AUDIENCE REVIEW: "Manifested Destiny" by mignolo dance
November 15th, 2020
With the debut of their first evening-length piece, “Manifested Destiny,” contemporary dance company mignolo dance’s co-founders — sisters Charly & Eriel Santagado — put their artistic prowess on display. I attended the drive-in performance on November 15th, 2020, at 7PM at the Pearl Street Parking Deck in Metuchen, NJ, and from the moment I arrived, I was impressed by how they transformed the simple parking deck into a charming performing space. They sectioned off a portion of the lot, and cars full of spectators surrounded the performance space in a u-shape. In front of the vehicles, masked viewers sat on blankets and chairs. Marley was carefully laid on the floor and served as their makeshift stage, and the set design consisted of a brown leather chair and bookcase filled with a colorful assortment of books.
After a brief introduction, it was show time! The piece’s musical accompaniment was carefully crafted. The diverse mixture included text from thirteen distinguished American writers, text by cast member Nikolai Popow and Artistic Director Charly Santagado, and original music by Vicente Hansen and Charly Santagado. The movement directly reflected the text through precise intricate gestures that provided meaningful visuals of the words that bellowed both out of the sound system and at times the dancers’ mouths.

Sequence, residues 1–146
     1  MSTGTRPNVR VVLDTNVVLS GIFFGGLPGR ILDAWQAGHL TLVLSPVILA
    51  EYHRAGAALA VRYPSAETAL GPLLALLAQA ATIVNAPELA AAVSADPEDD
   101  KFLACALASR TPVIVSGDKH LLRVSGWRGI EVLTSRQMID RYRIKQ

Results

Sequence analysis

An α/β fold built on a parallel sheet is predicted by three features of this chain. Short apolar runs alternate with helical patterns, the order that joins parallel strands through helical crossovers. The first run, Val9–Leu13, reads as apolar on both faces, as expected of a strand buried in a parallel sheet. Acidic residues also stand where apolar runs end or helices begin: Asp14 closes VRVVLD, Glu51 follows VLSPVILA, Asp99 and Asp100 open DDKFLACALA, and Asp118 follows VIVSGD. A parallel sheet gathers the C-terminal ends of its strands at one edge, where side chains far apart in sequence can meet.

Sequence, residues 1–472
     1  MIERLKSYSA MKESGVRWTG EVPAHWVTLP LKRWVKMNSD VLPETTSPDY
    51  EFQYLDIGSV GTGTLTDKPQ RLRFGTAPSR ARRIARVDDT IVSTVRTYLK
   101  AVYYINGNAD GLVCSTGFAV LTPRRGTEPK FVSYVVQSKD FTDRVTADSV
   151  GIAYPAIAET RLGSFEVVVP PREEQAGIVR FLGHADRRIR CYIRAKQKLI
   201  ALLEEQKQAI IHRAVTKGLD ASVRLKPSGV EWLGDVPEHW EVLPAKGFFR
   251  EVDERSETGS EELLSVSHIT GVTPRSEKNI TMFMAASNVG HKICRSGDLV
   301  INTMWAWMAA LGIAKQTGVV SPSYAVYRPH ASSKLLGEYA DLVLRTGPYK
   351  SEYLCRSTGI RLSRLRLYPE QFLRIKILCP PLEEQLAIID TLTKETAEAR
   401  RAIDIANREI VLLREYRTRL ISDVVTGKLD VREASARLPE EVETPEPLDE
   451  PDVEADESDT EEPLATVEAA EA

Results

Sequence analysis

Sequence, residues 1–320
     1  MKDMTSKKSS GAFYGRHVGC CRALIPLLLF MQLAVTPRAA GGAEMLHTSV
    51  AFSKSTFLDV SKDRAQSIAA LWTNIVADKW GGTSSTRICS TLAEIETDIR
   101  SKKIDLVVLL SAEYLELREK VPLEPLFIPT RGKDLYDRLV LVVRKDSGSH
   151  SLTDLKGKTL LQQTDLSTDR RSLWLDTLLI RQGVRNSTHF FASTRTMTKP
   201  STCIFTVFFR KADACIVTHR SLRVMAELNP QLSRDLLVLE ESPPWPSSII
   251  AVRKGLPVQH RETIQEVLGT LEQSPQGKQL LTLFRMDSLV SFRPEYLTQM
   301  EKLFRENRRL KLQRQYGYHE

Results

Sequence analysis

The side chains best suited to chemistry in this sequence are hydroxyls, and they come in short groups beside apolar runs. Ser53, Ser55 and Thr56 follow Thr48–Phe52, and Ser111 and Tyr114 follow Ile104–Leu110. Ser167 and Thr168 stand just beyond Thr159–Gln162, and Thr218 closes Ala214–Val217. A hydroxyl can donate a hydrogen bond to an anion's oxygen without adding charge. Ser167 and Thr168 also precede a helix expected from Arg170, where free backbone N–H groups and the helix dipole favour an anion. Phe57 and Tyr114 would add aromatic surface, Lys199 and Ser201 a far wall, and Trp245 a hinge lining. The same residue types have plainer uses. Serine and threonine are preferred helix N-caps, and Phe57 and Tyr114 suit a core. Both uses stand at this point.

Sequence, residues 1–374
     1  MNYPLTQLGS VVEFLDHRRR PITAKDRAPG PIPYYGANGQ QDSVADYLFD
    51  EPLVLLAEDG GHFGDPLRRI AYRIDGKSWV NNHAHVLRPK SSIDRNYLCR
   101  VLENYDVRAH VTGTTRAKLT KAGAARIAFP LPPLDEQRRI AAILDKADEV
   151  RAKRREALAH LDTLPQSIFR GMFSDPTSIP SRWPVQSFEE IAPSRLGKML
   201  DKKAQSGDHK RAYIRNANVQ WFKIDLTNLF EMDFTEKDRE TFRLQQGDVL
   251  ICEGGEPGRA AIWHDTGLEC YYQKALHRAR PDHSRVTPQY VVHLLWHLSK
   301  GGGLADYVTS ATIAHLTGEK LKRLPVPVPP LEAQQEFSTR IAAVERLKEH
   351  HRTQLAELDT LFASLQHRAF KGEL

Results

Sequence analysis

The choreography, a collaboration between Charly & Eriel Santagado and the ensemble of dancers showcased the tremendous technique of everyone involved in the performance. Each dancer represented a different author whose words served as the blueprint for the piece’s movement vocabulary. As they effortlessly traversed both high and low levels with phrases that used every inch of the “stage,” it was clear that each movement was intentional from a roll in the spine to a small hand gesture to a mischievous smile.
I particularly enjoyed the way that the dancers stayed in character throughout the entirety of the performance, even during group work. The intersectional identities of the authors they represented played a fundamental role in how they presented themselves, and how they were received by the other cast members. I interpreted these meaningful interactions to be reflexive of the varied American experience; even when they were all sharing the same space, their experiences were not uniform and some dancers had more power and influence than others.
An exciting element of the performance was the inclusion of the audience. Spectators in cars were invited to turn on their hazard lights during the William Tell Overture and many participated in lighting up the stage as the ensemble enthusiastically danced with smiling faces. It was a joy to watch.
I appreciated the counterbalance between sections that were serious, and ones that were lighthearted, which allowed for a well-rounded viewing experience. I laughed at the NYC-inspired portion of the performance that filled the space with the harsh honk of car horns and other sounds of the city during which the dancers’ movements reflected the hustle and bustle, and included gestures like the middle finger flipped by an angry pedestrian.